We walk down the road, passing a church erected by the Eritrean migrants. The gate is painted in beautiful sky blue with deep red lettering and crosses. When we pass by the church again on Wednesday, we’ll hear hauntingly beautiful singing echoing from inside. It will remain, mercifully, far enough removed from the rest of the camp that it will be untouched by the fires. We pass by volunteers distributing hot food from the back of a van. Finally, we reach the camp. The ground is a soft mud that seems like it never dries, cut with footprints and tire tracks and small puddles that soak into your shoes. The structures on the main road are cobbled together from scrap wood and the odd bit of sheet metal. Some were restaurants, kitchens, and stores, and they still bear the bright paint and slogans that advertised their wares, but most are broken up and closed down due to the coming eviction. Behind the wooden structures are seemingly endless rows of battered, dusty tents, connected by a labyrinth of tiny foot paths. In rare form for Calais, which is cold and damp and rainy as a matter of course, the sun is shining and it’s warm.
We link up with some English volunteers offering to take Polaroid photos for the migrants. They explain that journalists come into the camp and take incessant photos of its people without ever asking. They never give these photos to their subjects. Instead, they offer them up for public consumption, casting the migrants as either pitiful victims or Islamist rapists coming to destroy little England. For what it’s worth, the migrants do seem to love the Polaroid photos. Some kids flash beaming smiles as they have their photo taken. For once, they will be the ones with control over their own image. No one else will have a copy.
The English volunteers tell us that they know someone who has a problem, but that he only speaks Arabic and needs a translator. He’s a shy, soft-spoken Sudanese man with a weathered face but the thin body of a teenager. It takes us some time to adjust to his accent – my dialect is Levantine and my friend’s is Mauritanian – but he explains to us that he wants to apply for asylum in the UK as an unaccompanied minor. Of the migrants in the camp, all of whom want to make it to the UK, only minors without families are eligible to apply for asylum there. The authorities tell the migrants that these minors will be the first to be bused out of the camp and across the Channel before the eviction starts. It later turns out that the children, in fact, will be the last to leave. After registering, they’re to be housed in shipping containers until everyone else has been cleared from the camp. Even when the fires start ripping through the camp on Tuesday night, the children are made to stay in the containers. After leaving, we hear that children who have been unable to register (because the registration areas close without warning) are being rounded up and arrested without explanation.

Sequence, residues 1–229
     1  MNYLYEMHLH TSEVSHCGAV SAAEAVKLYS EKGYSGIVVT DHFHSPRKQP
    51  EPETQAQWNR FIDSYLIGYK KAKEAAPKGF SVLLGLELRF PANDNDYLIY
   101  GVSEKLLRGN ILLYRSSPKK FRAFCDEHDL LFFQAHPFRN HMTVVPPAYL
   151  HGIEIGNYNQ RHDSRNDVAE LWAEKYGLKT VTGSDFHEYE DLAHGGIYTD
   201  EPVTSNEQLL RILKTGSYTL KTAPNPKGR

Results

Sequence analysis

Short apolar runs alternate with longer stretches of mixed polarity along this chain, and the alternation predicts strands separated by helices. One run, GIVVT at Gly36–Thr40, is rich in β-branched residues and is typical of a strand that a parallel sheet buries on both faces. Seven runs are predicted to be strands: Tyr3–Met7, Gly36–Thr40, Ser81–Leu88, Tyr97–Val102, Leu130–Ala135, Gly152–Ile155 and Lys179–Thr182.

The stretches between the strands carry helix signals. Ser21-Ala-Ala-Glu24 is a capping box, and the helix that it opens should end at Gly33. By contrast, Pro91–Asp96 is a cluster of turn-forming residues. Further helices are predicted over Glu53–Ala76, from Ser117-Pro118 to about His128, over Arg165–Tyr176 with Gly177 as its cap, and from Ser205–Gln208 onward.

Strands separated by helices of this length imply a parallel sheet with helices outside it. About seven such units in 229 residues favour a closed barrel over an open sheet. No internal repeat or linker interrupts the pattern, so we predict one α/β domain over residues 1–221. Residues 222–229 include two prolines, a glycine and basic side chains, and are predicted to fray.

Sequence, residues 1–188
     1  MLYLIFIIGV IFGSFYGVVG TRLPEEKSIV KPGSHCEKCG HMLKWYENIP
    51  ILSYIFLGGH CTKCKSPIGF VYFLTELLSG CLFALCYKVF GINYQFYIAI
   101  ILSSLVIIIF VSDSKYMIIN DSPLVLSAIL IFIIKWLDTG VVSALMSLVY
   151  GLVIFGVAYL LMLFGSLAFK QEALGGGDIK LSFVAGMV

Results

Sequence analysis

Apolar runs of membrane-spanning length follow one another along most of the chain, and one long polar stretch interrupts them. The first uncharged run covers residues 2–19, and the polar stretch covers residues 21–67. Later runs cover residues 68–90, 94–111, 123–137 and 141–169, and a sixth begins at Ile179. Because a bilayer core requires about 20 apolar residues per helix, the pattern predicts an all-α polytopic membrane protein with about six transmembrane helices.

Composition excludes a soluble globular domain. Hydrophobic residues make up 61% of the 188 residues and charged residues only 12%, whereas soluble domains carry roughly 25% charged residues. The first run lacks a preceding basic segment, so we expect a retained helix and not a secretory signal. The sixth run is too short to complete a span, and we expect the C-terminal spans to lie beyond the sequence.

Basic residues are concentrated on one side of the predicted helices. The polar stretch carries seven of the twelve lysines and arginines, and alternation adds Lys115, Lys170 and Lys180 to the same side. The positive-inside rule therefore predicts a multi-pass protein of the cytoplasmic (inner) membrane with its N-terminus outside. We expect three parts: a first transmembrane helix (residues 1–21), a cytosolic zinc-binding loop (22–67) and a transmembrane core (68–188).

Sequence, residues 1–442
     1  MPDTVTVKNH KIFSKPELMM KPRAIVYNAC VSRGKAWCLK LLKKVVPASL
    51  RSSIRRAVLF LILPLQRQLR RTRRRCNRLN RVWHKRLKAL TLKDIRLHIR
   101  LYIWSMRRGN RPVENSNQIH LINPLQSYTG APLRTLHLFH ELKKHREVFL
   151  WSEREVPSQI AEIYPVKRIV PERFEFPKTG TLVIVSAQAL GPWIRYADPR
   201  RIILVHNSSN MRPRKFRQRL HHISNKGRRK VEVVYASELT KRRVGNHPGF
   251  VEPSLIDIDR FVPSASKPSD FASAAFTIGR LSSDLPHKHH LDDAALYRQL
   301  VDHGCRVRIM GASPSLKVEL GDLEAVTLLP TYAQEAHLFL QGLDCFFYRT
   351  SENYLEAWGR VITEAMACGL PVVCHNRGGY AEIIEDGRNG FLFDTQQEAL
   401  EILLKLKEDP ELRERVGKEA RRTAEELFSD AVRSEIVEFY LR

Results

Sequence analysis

We take our new friend to an aid worker with the organization in charge of registering unaccompanied minors. We explain his situation, but the aid worker tells us in no uncertain terms that he has no chance of being registered as a minor. We learn that the “process” for determining the age of the migrants is a single French woman who decides, without any additional evidence, whether the applicants appear to be under 18. If you’re too tall, can grow a beard, or too weathered, you’re not a minor. If you’re short, have youthful features, and no beard, you might be in. We now have to explain to our friend that his application will not be accepted, and that his remaining options are to apply for asylum in France or try to make it to the UK illegally and face deportation. He receives this news without flinching, thanks us, and lets us know that he’ll have to think about it. After some minutes, we rejoin the volunteers and turn and walk into the camp.
* * *
Tuesday, late afternoon. A tense quiet settles over the camp. We’re leaving with our comrades and some Syrian friends. As we move to start cutting back through the southern field, two journalists swagger past, probably British. One woman, one man. Official press passes swinging from their necks. She’s properly made up and holding a microphone. He’s bald and wearing a bulletproof vest with steel plates. We can barely stifle our incredulity. One of our Syrian friends, a teenager, laughs “What is this, Dara’a?”
* * *